Wednesday April 16, 2014
Are you old? I ask that because I get the feeling that anyone over the age of 35 thinks they're old. It works like this: When you get into your late 30s or so, you may notice a few changes - little lines around your mouth and eyes appear, maybe a slight spare tire starts to inflate around the waistline. But then you turn 40 or 50 and you think, "Dang, If only I realized how good I looked at 35..."
Around this time, things really start to, um, loosen up, shall we say. Perhaps things start to shift around in all the wrong places. If you exercise, the changes probably aren't quite as pronounced, but they are there.
The aging body can be frustrating, especially if you're a woman dealing with menopause and the weight gain that often accompanies that. Man or woman, we all hit that age where things change and I know many of us wonder, are these changes inevitable or can we do something about them?
I know way too many people who try to exercise the aging process away and, frankly, being fit can only do so much. I see so many woman, and plenty of men as well, who become obsessed, fretting over things that we may not have much control over. You may exercise and eat lettuce and lemon wedges all day long, but you still may have a little more excess fat around the middle, just due to hormonal changes. The fact is, exercise is much better at preventing weight gain as we get older than it is at helping us lose weight.
My question to you is, are our expectations too high? Growing up, I remember my grandparents looking very...grandparent-y - A little broader in the behind, a little more fat in the middle, gray hair...the works, and they didn't really seem bothered by these changes. These days, it's hard to tell the grandparents from the parents and many people are using everything from exercise and diet to plastic surgery to maintain a younger looking body. But are we trying too hard? Is there a point where you have to just let your body be how it is and focus more on your health and happiness?
What do you think? Leave a comment and tell us your thoughts on aging, weight gain and how to find acceptance.
Tuesday April 15, 2014
It's Tax Day and you know what that means, right? It means stress and do you know one of the best ways to get rid of stress? No, it's not drinking (although that can help occasionally)...it's exercise. And can you guess what exercise I'm loving right now? That's right: Split squats with rotations.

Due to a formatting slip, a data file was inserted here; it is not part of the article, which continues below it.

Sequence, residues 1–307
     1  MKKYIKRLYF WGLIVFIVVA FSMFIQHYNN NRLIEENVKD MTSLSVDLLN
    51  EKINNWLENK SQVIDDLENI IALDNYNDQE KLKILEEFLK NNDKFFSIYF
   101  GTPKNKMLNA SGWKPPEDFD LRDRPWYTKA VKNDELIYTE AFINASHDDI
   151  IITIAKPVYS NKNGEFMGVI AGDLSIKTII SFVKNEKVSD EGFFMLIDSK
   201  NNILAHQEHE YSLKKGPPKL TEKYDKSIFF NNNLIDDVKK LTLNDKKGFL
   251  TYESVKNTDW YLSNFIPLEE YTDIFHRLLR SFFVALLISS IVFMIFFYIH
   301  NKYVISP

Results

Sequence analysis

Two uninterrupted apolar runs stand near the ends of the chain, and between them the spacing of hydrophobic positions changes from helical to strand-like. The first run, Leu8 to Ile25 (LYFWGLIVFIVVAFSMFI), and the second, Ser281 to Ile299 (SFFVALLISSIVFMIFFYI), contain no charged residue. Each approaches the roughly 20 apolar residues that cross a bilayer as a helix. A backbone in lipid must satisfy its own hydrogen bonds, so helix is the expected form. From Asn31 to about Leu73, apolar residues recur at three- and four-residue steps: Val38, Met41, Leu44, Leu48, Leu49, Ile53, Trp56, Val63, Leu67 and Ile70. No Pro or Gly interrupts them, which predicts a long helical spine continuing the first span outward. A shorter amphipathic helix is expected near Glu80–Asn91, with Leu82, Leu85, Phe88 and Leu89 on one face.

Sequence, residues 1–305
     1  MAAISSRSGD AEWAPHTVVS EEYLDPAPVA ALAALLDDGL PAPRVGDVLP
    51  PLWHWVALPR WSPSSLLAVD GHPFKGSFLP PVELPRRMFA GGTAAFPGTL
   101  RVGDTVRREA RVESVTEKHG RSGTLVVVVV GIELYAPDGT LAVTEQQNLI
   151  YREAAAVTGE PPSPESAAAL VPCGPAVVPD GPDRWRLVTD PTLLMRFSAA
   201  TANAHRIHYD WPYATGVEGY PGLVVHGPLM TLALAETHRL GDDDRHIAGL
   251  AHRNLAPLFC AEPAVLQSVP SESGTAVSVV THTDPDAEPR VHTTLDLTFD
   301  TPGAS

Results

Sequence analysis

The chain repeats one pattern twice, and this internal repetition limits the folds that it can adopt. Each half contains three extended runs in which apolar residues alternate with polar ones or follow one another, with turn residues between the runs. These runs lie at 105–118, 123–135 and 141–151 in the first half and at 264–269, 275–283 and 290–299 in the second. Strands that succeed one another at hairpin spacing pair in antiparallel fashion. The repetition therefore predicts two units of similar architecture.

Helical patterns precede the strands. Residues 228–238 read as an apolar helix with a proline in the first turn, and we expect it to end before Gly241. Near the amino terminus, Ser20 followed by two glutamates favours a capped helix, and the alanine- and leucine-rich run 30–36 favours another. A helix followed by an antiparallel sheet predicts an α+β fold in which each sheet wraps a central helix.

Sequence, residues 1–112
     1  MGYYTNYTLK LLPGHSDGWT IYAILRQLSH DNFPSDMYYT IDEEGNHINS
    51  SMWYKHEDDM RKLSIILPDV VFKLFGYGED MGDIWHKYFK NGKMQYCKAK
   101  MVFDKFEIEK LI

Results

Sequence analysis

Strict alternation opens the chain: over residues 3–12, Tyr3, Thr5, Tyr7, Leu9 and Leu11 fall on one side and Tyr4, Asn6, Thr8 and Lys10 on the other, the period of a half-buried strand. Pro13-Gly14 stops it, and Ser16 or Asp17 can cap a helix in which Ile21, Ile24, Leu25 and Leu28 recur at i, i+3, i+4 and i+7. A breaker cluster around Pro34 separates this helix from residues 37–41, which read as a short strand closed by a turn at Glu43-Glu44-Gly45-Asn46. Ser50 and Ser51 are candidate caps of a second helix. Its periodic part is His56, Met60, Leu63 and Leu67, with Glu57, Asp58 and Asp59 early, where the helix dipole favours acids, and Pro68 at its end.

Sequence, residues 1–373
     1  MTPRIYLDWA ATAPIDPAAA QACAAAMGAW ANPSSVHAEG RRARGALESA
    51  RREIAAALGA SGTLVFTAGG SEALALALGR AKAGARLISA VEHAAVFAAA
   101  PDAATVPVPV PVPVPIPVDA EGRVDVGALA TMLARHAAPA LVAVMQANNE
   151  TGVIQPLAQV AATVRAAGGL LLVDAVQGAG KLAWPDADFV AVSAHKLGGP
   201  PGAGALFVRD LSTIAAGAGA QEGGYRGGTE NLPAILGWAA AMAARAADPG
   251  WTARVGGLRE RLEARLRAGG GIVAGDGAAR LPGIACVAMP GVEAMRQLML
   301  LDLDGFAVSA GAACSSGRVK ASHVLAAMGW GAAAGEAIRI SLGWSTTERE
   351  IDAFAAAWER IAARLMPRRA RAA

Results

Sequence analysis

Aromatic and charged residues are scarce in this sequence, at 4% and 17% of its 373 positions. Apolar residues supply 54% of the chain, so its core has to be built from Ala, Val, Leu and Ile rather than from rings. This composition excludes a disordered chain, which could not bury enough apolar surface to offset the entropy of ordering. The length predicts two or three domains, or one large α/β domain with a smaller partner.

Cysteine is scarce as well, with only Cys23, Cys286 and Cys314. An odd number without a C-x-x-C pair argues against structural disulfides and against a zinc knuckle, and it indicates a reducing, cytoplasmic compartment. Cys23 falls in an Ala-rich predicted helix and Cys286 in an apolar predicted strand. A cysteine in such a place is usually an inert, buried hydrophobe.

The point of this exercise is not, in fact, to "make people fall over for my own personal enjoyment," as some clients have suggested. That's just a bonus. The real point is that this is a killer lower body exercise that targets almost everything you can think of including the glutes, hips, thighs, core, balance, stability, patience, coordination and flexibility.
This is clearly an advanced move, so a few thoughts: First, the BOSU makes it more difficult, so try this on a more stable platform your first time around. Second, there's quite a bit of rotation here which may not work for every soul out there. I recommend having a rail or wall nearby to hold onto as you learn this move.
Do it right: Stand about 3 or so feet in front of a BOSU or step and place the right foot on top, resting on the toe.
Pause to get your balance and take the arms out to the sides as you bend the knees into a lunge.
As you lunge, rotate the torso, bringing the right hand towards the left foot and the left arm straight up overhead.
Rotate back to start and stand up, repeating for 12 reps on each side.
Split Squats with Opposite Rotation
Monday April 14, 2014
We talk about calories as though they're living, breathing beings...beings that we believe we can actually control. We want to burn them, cut them, slash them, get rid of them, measure them and, really, who can blame us? Sure calories don't have actual brains or emotions or opposable thumbs, but who hasn't felt slapped in the face by a big hunk of chocolate cake or a bowl full of greasy, salty yummy potato chips?
Yes, sometimes trying to control our calories is much like herding cats, but the good news is that there are multiple options out there for us. We can keep a food journal for example and count our calories. We can also monitor our portion sizes and avoid eating out too much. Another option is, of course, exercising those calories away.
So, what about you? How do you control your calories and which method seems to work best for you? Do you use more than one? Vote in this week's poll and tell us how you control your calories.
Thursday April 10, 2014
Is it possible for workouts to be fun? I suppose that depends on your definition of fun. I don't really consider working out fun, per say, but I do enjoy the benefits I get from it. Even if a workout isn't completely fun, there are ways we can make it more pleasant.
For example, I had one client who mentioned how long she'd been trying to get into a running program. She would go out to walk and then run a little and walk a little, never really progressing from there. Digging deeper into the issue, it became clear why she wasn't progressing: "I hate it," she finally admitted. "Why would you want to do something you hate?" She just looked at me, kind of the way my cat does when I ask him to please get off the dinner table, which is to say, as though I'm speaking Swahili.
I'm always kind of surprised at how many people force themselves to do workouts they hate or treat their workout time like a punishment in which they're not allowed to enjoy even a moment of it.
Which is why I wrote my latest article, 5 Ways to Make Workouts More Fun. I said 'More Fun' not completely fun, just so you know.